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Safety on Walking/Working Surfaces - May 2017

Introduction

Slips, trips and falls account for many accidents and accidental deaths on the worksite. These accidents are especially prevalent in the construction and contracting industry because as the site changes, safety hazards will evolve and change as well. Paying close attention to the areas where we walk and work to eliminate the potential for slips, trips or falls is essential to the success of our business.

On the job, there can be many different types of slip, trip and fall hazards. For instance, material debris on the ground is just as hazardous as cords or hoses lying in walking areas. Also, materials stored improperly present spill hazards and can cause slips. The point is that there are many different types of hazards that can be in our work areas. Being aware of these hazards and addressing them is the first step to avoiding slip, trip and fall injuries at the worksite.

What other types of situations do we need to look out for? Here is a brief list of some of the common hazards seen frequently in working areas:

  • Cords lying on the ground or other walking areas
  • Water, oil, lubricants or other liquids spilled on the ground or on elevated areas at the site
  • Materials (pallets, boxes, etc.) stored in a walking area
  • Materials stored near ladders or in machine traffic areas
  • Poor lighting in walking or working areas
  • Poorly marked pedestrian or machine traffic only paths

Cords and Hoses

One of the biggest trip and electrical hazards comes from cords and hoses, and both are commonly used in working areas. First, cords and hoses should not be uncontrolled in walking areas because they pose trip hazards. Secondly, cords and hoses need to be monitored so they don’t become damaged. Cords that have broken insulation pose electrical shock and fire hazards.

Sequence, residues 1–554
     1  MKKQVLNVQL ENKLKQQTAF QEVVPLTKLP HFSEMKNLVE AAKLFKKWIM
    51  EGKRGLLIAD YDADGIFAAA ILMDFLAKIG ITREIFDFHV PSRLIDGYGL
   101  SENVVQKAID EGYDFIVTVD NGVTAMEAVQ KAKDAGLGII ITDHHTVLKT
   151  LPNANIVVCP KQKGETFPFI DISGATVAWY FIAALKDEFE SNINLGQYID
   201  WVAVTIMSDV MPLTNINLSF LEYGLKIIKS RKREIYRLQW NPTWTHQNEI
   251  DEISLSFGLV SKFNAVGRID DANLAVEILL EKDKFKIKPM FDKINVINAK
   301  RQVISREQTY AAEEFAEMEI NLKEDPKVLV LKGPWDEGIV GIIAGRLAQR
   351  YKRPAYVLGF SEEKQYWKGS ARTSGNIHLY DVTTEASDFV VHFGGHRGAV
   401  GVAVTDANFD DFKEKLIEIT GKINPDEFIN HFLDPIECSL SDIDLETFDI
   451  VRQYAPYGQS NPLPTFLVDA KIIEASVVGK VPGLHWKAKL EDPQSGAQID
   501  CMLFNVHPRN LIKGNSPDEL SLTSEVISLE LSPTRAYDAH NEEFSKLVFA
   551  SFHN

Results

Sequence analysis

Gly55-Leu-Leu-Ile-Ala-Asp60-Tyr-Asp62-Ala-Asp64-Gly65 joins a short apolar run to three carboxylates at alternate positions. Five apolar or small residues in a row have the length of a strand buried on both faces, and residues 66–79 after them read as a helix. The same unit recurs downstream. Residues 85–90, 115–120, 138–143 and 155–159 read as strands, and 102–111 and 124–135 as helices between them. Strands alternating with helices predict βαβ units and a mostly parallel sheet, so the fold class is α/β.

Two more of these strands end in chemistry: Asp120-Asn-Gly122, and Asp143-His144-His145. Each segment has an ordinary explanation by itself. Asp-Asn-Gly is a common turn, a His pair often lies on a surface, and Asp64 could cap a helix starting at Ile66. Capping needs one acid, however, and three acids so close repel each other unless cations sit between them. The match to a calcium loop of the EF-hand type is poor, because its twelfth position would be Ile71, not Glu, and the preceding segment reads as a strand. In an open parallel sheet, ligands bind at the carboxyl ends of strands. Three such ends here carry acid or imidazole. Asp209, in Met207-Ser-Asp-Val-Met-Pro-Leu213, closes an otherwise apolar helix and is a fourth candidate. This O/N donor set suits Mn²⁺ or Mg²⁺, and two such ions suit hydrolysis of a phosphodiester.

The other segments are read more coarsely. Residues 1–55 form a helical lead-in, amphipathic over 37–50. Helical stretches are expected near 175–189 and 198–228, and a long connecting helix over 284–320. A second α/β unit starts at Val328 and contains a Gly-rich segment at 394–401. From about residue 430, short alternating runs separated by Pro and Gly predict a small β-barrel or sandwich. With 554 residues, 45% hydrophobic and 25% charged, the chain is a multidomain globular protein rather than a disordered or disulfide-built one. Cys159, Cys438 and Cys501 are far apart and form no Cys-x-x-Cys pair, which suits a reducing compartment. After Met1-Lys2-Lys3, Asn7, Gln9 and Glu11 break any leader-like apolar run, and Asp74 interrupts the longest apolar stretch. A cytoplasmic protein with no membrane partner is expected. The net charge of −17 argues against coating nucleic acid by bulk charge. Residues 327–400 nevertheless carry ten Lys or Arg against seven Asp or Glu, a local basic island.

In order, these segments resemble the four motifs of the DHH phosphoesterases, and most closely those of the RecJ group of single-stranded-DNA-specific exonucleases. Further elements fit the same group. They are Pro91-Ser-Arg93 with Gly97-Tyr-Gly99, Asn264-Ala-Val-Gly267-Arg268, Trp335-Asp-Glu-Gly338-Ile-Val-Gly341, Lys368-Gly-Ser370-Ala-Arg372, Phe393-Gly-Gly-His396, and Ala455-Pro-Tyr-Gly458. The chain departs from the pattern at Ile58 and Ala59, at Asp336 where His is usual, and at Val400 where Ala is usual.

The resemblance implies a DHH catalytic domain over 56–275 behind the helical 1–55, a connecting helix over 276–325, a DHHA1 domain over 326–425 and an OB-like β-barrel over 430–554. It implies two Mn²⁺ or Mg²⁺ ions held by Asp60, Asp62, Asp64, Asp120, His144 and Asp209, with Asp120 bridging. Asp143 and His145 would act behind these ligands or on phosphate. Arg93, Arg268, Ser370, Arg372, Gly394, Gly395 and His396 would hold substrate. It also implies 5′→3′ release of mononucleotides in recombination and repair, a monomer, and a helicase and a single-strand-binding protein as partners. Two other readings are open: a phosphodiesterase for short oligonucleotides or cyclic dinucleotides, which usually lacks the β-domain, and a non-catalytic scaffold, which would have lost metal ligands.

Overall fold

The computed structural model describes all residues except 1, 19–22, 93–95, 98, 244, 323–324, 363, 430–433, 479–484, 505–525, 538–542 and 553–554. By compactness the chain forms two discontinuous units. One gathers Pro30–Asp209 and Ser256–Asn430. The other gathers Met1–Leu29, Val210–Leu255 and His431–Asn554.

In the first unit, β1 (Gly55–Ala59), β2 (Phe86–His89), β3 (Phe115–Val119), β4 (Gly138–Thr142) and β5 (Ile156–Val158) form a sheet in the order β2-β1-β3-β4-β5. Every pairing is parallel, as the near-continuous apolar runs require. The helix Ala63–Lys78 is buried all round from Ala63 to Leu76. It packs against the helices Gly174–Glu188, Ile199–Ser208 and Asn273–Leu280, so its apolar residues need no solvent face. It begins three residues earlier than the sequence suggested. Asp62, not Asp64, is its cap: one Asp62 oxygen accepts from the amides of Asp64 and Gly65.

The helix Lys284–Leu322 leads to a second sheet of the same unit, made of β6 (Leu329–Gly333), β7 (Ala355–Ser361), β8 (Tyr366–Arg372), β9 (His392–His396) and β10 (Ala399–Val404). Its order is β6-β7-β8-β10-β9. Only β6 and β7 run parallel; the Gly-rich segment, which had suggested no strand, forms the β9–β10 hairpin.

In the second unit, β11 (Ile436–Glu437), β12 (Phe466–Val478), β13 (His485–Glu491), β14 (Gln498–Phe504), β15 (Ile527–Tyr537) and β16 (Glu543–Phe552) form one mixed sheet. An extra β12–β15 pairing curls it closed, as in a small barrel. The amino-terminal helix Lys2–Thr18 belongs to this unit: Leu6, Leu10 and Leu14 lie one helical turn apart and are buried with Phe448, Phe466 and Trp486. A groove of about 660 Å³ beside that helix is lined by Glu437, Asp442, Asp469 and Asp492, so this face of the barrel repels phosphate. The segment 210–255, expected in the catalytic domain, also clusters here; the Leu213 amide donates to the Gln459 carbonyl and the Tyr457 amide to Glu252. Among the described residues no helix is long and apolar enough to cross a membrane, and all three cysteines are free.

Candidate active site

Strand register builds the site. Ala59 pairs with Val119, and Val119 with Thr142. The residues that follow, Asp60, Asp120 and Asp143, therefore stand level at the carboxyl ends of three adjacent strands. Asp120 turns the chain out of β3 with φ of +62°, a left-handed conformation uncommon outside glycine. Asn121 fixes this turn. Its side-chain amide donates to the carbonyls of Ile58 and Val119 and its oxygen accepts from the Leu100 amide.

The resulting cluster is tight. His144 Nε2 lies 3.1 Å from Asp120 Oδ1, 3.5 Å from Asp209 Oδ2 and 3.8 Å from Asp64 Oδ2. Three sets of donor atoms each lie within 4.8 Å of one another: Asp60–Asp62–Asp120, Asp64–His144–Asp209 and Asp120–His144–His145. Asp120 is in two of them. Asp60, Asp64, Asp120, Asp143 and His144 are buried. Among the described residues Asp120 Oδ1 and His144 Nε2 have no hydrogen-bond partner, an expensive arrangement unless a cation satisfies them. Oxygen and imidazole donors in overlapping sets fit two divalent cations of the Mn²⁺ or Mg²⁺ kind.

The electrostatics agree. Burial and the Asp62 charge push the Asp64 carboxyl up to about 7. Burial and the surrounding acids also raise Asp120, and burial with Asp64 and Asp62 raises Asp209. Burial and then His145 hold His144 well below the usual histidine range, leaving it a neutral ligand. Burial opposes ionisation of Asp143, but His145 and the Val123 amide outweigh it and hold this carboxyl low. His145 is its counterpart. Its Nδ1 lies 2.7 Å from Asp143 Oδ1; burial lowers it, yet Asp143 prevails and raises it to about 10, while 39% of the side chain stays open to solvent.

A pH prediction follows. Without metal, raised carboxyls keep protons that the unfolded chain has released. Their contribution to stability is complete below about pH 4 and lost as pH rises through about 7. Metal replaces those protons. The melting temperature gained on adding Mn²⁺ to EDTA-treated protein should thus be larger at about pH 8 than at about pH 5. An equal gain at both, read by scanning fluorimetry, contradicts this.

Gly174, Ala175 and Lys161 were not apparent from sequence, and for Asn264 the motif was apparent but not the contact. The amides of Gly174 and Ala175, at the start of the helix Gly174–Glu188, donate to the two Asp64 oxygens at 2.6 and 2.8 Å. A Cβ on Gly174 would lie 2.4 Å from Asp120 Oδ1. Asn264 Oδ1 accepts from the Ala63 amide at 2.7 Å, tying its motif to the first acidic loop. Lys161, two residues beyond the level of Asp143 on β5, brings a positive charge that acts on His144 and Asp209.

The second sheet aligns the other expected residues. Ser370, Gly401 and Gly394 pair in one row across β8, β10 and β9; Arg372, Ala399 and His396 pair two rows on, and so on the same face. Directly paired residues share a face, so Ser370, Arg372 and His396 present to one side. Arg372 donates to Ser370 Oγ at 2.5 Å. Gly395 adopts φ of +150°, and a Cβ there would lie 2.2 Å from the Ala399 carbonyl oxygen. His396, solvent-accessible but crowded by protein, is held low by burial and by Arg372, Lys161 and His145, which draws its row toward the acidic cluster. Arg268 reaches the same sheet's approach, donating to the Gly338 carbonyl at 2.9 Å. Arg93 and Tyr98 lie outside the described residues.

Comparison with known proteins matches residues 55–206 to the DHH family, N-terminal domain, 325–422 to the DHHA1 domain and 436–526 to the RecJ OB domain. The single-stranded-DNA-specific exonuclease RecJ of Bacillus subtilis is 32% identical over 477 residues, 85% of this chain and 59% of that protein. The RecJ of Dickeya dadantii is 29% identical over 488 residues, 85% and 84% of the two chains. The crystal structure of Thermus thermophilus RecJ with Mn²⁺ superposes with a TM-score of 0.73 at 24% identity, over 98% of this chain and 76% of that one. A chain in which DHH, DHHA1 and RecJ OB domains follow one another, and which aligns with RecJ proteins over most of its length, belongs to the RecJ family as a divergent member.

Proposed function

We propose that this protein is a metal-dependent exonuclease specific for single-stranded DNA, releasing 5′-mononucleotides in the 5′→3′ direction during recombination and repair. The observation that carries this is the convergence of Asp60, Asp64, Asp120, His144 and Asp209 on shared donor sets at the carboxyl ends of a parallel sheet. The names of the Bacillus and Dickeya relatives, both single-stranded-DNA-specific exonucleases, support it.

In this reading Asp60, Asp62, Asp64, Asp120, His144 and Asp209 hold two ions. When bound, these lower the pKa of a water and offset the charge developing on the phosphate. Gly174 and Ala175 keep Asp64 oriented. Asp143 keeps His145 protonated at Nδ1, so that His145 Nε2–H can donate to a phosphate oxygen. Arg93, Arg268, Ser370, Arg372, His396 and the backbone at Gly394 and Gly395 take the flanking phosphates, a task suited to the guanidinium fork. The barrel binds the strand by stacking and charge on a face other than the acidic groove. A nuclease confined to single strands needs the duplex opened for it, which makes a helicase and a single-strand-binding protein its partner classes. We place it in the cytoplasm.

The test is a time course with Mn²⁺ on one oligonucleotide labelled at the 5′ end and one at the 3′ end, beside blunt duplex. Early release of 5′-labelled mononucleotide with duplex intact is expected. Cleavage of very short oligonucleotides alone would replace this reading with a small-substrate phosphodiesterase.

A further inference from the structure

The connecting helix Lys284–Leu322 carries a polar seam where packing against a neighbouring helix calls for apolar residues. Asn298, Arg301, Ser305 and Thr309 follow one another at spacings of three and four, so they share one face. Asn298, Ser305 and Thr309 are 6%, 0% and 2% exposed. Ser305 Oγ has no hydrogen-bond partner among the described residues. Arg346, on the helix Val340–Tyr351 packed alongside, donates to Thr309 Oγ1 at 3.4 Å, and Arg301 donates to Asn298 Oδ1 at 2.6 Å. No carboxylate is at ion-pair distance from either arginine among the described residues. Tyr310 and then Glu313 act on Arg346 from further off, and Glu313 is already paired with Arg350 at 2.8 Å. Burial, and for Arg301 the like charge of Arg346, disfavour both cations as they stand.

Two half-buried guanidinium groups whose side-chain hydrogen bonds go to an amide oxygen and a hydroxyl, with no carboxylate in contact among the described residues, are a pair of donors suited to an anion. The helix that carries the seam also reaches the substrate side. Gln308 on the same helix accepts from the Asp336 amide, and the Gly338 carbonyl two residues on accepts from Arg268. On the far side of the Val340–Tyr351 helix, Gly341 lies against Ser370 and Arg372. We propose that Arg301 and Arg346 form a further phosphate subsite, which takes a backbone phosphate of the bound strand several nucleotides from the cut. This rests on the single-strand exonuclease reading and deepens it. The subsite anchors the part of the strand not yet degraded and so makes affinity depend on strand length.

Use extra caution when working with extension cords. Extension cords should only be used on a temporary basis. Temporary means only using the cord when you need additional power for a short period of time, such as when operating a power tool. Extension cords may not be used as a substitute for permanent wiring. Extension cords that are wrapped around poles or other equipment are not being used on a temporary basis and are likely being used as a substitute for permanent wiring. This use creates both trip and electrical hazards. Look in your work area and see where extension cords are in use. Report any misuse to your supervisor immediately to prevent trip, fall and electrical hazards at the site. 

Material Storage in Working Areas

Look around your work area and consider how materials are stored. Look specifically at pallets, carts, trays and other material handling or material holding equipment to see if the way it is stored creates a hazard. 

Pallets should not be stored on end because they are not stable in that position. They can easily tip over onto workers or equipment. Storing boxed materials properly will prevent slips, trips and falls. Always think about where material is stored and how it may create a trip hazard or ignite because of what it is stored by.

Stacking materials in work areas is unavoidable, but can also create hazards if materials are not stacked properly. It is important to not stack boxes of materials too high to avoid tip-over hazards. Also, heavier boxes should not be placed on top of lighter boxes for the same reason—even for short periods of time. Whatever materials are needed at your site, stacking them properly will help prevent tip or trip hazards.

Passageways and Other High-traffic Areas

Aisles and passageways are used by both workers and motorized vehicles. Combining pedestrians with motorized vehicles can be dangerous when safety procedures are not followed. When you are walking anywhere in the workplace, be mindful of where you are walking and what traffic is in the area.

Keeping Your Area Free From Hazards

Some of the most serious safety hazards found in walking or working areas are due to poor housekeeping. As you look at your work area, keep the following issues in mind.

  • Sweep work areas so dust and debris do not accumulate and create a trip or slip hazard.
  • Clean up spilled materials immediately.
  • Don’t let trash overflow in work areas.
  • Don’t store materials in passageways.
  • Always be mindful of powered equipment operations. As a pedestrian, watch for traffic.  As an operator, always be aware of workers and civilians in the area.
  • Never store materials near ladders or machinery.

Summary

Walking and working surfaces can cause many different and serious injuries when safety precautions are not followed. The more we pay attention to the hazards in our work area, the better chance we have at preventing injuries and keeping ourselves safe and healthy on the job.